The team’s first pick was linebacker Bobby Carpenter. Not a good start, but that’s a story for a different day.
With their second pick, the Cowboys could have had safety Bernard Pollard. Or cornerback Tim Jennings. Or a returner named Devin Hester, who helped the Bears to the Super Bowl as a rookie.
Instead, Dallas took tight end Anthony Fasano with the 53rd overall pick. He was supposed to complement Jason Witten, but the Cowboys barely used him.
Two years later, the Cowboys traded Fasano and Akin Ayodele to the Miami Dolphins for a 4th round pick. Yes, the Cowboys traded a second-rounder from 2006, along with a starting linebacker, in exchange for one 4th round pick.
The result: Fasano caught 177 passes for 2104 yards and 23 touchdowns for the Dolphins over the next five years. Ayodele wasn’t great, but he started 18 games for Miami.
Dallas took that 4th round pick in 2008 and traded it to Oakland for a 4th rounder and a 7th rounder. Oakland used the pick to take Tyvon Branch, who has started 63 games.
I honestly can’t even summarize what happened after that. The Cowboys kept trading picks for more picks and more picks in deals with Cleveland and Jacksonville. The result: the Cowboys wound up with running back Tashard Choice, who lasted just over two years in Dallas.
Before the Cowboys showed their expertise in trading picks for picks and more picks, the Cowboys had a second-round pick in 2008 that they did not trade away.
The Cowboys needs in 2008? Offensive line. Safety. Wide receiver. Perhaps even another running back.
Let’s stress this point: Tight end was not a need.
The Cowboys, however, decided to take a tight end, Martellus Bennett. Yes, there was some theory that Bennett would be more like a receiver. But as everyone probably already knows, Bennett did less and less in his four years in Dallas, winding up with 846 receiving yards and 4 touchdowns in 4 years. In less than 2 full seasons since leaving Dallas, he has caught 9 touchdown passes.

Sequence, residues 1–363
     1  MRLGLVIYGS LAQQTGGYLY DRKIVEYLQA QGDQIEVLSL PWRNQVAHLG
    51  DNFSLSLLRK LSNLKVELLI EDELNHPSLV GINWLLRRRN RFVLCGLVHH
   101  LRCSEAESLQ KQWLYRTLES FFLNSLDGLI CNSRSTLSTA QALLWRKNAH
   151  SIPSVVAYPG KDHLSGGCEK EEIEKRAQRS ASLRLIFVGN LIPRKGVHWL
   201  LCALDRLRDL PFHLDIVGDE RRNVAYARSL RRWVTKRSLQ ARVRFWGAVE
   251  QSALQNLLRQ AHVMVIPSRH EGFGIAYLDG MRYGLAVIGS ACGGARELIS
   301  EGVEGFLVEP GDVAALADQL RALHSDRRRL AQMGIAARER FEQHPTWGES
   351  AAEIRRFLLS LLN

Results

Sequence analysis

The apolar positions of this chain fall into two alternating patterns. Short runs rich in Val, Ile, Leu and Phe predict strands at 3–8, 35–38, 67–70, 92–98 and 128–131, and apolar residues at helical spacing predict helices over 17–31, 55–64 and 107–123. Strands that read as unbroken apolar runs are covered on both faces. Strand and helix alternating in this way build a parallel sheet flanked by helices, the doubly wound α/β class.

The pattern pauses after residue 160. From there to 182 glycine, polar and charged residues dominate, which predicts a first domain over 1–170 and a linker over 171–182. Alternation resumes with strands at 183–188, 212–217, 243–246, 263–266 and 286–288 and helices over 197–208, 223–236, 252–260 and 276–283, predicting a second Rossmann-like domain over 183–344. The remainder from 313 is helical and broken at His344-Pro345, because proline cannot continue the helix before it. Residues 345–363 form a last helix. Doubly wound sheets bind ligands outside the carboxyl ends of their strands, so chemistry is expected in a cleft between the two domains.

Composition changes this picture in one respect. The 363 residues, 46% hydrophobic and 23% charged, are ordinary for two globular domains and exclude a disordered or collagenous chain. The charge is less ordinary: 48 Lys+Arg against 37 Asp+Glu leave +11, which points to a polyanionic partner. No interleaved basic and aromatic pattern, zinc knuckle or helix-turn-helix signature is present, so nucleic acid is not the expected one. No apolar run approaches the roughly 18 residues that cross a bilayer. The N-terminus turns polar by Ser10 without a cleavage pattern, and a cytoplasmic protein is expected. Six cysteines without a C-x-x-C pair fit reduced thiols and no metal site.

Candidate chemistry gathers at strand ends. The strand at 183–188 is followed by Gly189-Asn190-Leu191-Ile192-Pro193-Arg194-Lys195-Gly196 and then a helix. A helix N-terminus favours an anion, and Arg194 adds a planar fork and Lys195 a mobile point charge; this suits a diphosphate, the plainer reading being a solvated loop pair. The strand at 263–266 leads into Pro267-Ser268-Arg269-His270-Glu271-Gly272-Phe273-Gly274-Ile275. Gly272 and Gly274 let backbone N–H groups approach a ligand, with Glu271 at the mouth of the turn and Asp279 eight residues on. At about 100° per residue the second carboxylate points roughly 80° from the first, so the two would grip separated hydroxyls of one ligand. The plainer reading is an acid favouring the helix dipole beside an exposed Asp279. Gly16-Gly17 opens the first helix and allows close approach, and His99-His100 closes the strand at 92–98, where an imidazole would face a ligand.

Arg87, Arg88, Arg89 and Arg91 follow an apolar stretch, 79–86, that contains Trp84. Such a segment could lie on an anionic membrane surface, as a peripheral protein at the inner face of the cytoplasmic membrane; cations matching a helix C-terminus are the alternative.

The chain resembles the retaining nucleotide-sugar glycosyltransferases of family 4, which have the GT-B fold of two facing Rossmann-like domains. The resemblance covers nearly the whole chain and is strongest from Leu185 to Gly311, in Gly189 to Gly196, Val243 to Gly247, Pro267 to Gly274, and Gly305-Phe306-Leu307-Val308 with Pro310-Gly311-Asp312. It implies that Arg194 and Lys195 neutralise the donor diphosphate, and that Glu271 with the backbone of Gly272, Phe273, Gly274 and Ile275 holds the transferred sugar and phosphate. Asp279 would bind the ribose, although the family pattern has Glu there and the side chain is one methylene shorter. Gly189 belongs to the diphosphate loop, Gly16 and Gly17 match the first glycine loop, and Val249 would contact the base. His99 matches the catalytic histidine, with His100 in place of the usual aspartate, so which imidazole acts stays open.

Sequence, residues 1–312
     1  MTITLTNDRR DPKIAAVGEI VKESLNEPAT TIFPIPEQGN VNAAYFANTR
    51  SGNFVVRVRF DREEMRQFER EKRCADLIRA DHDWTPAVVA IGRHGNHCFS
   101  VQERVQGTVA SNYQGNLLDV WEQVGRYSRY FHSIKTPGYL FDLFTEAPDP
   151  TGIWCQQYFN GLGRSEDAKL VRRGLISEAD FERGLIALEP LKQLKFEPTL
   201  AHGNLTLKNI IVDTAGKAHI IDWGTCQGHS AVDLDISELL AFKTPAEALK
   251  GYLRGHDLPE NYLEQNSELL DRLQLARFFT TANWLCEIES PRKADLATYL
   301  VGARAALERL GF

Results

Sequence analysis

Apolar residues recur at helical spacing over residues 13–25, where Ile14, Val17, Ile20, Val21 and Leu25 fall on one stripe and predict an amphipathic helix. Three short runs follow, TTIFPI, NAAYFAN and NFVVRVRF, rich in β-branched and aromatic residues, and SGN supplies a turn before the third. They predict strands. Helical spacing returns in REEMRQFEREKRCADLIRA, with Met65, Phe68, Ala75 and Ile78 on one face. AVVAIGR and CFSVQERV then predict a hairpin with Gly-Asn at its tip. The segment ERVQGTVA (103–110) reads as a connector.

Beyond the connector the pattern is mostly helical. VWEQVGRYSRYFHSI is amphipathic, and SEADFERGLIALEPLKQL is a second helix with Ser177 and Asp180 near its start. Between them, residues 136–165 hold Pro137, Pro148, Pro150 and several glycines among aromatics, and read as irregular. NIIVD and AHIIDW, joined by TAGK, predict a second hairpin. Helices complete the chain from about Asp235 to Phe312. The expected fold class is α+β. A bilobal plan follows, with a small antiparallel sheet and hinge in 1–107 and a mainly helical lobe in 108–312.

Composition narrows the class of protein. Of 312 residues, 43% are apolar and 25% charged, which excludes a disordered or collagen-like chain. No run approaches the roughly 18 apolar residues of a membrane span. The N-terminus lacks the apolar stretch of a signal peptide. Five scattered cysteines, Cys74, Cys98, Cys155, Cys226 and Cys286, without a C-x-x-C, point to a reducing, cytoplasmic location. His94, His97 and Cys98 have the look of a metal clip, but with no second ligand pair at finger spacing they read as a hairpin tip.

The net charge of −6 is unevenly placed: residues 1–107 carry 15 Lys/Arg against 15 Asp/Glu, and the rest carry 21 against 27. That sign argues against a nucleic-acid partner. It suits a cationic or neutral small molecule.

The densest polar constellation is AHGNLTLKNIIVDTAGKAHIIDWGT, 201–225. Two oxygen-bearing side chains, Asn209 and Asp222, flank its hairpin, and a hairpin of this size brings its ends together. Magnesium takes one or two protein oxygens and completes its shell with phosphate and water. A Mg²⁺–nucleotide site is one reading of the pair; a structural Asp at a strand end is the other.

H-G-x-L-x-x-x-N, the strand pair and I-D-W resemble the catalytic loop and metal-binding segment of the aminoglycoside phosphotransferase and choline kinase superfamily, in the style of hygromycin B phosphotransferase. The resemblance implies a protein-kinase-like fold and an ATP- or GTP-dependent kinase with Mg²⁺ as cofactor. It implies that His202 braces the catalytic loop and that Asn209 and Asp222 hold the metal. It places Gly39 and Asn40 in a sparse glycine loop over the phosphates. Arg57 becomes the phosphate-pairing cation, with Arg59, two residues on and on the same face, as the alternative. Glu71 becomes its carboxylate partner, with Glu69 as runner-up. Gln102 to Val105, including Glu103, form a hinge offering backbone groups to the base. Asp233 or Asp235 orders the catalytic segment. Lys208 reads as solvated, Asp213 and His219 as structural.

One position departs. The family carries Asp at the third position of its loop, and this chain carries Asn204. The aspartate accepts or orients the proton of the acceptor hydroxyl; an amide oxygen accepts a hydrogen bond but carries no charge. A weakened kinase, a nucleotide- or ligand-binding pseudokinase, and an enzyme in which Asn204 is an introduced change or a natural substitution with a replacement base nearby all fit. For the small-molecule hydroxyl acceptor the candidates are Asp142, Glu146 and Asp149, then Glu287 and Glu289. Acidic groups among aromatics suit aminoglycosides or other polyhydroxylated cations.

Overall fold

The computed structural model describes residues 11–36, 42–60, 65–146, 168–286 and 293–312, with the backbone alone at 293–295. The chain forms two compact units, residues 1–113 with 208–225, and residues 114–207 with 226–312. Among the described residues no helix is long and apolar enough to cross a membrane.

Who did the Cowboys pass up to take Bennett? Cornerback Terrell Thomas, who started 34 games in his first three seasons with the Giants. Safety Charles Godfrey, who has started 74 games with the Panthers. Running back Jamaal Charles, who is just a bit better than Felix Jones, the Cowboys’ first-round pick in 2008. Guard Jeremy Zuttah, who has started 69 games with Tampa Bay.
No, these are not big-time names, but any one of them would have been more valuable to the Cowboys than Fasano and Bennett were.
By the time Bennett left after the 2011 season, the Cowboys had wasted two second-round picks and STILL had needs in their secondary, and on their offensive line, and at the receiver position.
So we come to the 2013 NFL Draft. The Cowboys still had not resolved their problems at safety. The team still needed offensive line help. The team needed defensive line help.
Let’s stress this point: Tight end was not a need.
And so what do the Cowboys do with their second-round pick?
Take another tight end! And as Gosselin’s piece points out, the team knew Escobar could not block, so when he proved to be less effective as a receiver, the team had to know it had wasted yet another second-round pick on a tight end.